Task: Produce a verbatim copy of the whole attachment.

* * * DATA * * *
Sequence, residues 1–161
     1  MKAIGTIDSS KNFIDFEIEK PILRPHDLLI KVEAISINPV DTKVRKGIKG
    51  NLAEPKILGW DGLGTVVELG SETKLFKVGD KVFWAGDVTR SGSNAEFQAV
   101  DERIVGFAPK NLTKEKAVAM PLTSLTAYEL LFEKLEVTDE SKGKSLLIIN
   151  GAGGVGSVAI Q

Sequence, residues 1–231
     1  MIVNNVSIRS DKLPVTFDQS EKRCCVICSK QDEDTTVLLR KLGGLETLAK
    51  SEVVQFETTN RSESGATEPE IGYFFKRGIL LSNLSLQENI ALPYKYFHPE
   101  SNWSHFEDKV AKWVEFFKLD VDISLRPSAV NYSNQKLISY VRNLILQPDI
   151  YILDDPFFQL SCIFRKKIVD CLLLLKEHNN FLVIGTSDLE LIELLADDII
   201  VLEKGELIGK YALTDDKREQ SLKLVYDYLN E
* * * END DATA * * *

Sequence, residues 1–161
     1  MKAIGTIDSS KNFIDFEIEK PILRPHDLLI KVEAISINPV DTKVRKGIKG
    51  NLAEPKILGW DGLGTVVELG SETKLFKVGD KVFWAGDVTR SGSNAEFQAV
   101  DERIVGFAPK NLTKEKAVAM PLTSLTAYEL LFEKLEVTDE SKGKSLLIIN
   151  GAGGVGSVAI Q

Sequence, residues 1–231
     1  MIVNNVSIRS DKLPVTFDQS EKRCCVICSK QDEDTTVLLR KLGGLETLAK
    51  SEVVQFETTN RSESGATEPE IGYFFKRGIL LSNLSLQENI ALPYKYFHPE
   101  SNWSHFEDKV AKWVEFFKLD VDISLRPSAV NYSNQKLISY VRNLILQPDI
   151  YILDDPFFQL SCIFRKKIVD CLLLLKEHNN FLVIGTSDLE LIELLADDII
   201  VLEKGELIGK YALTDDKREQ SLKLVYDYLN E